A study led by UNSW scientists has confirmed the discovery of Australia's most northerly fossil site - deposits of the precious mineral amber that contain a treasure trove of trapped animal and plant remains and even bubbles of air from millions of years ago.
The amber was found during a hazardous expedition last September to remote beaches on eastern Cape York, in far north Queensland, where the researchers braved crocodiles and sharks to find the source of amber pieces first seen washed up on nearby beaches in 2003 by alert beachcombers Beth Norris and Dale Wicks.
The amber itself is of many colours, from greens, reds and yellows to an almost psychedelic blue, says lead investigator Dr Suzanne Hand, of the UNSW School of Biological, Earth and Environmental Sciences (BEES). Its age is still uncertain but it has formed over millions of years from what was once tree resin in ancient rainforests.
"More importantly, many of the pieces we've looked at have inclusions of beautifully preserved plant and animal remains that were trapped in the resin before it hardened," Dr Hand says.
"There's a strange new species of beetle that looks like something from a science-fiction movie, a millipede, two species of ants, butterflies, spiders, many different kinds of flies, wasps, pseudo-scorpions, termites and even a tuft of hair from what I suspect is an ancient marsupial.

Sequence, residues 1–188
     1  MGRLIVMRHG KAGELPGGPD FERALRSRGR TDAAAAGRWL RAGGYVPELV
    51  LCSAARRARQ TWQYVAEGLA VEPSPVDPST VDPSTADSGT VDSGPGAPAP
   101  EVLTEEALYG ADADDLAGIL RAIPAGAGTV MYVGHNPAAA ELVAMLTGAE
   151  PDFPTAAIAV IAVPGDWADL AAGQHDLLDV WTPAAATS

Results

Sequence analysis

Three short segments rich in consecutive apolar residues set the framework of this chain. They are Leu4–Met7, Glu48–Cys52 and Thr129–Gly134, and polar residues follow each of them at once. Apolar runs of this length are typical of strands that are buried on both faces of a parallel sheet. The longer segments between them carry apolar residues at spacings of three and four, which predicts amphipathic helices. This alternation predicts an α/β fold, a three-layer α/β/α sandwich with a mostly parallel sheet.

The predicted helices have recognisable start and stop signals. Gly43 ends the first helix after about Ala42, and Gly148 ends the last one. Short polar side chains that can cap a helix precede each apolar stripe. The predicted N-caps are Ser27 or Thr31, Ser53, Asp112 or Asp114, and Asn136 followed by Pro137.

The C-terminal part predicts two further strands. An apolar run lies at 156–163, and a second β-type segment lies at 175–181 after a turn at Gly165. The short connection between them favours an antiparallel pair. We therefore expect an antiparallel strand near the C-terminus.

"This is a fabulous find. Not only are these are the most significant amounts of amber ever found in Australia but they occur where Australia and New Guinea were once joined by a land bridge and until now we had almost no information about what was living there at the time. Now we can study some of the actual animals."
Team members have taken more than 100 opaque pieces of the Cape York amber to Grenoble for analysis at the European Synchrotron Radiation Facility. "We knew they had inclusions but we were amazed at the variety of things that emerged on the screen," says Hand. The facility was able to use those scanned images to make almost perfect three-dimensional giant models of some of the creatures, including the strange beetle and a prehistoric spider.
The team includes: BEES researchers Professor Mike Archer, Dr Henk Godthelp and Mr Phil Creaser; colleagues at the Australian Museum, Queensland Museum and University of Sydney; and Mr Chris Cannell, a Tasmanian mineworker. The study is funded by an Australian Research Council Discovery Grant.
Dr Suzanne Hand: email@example.com
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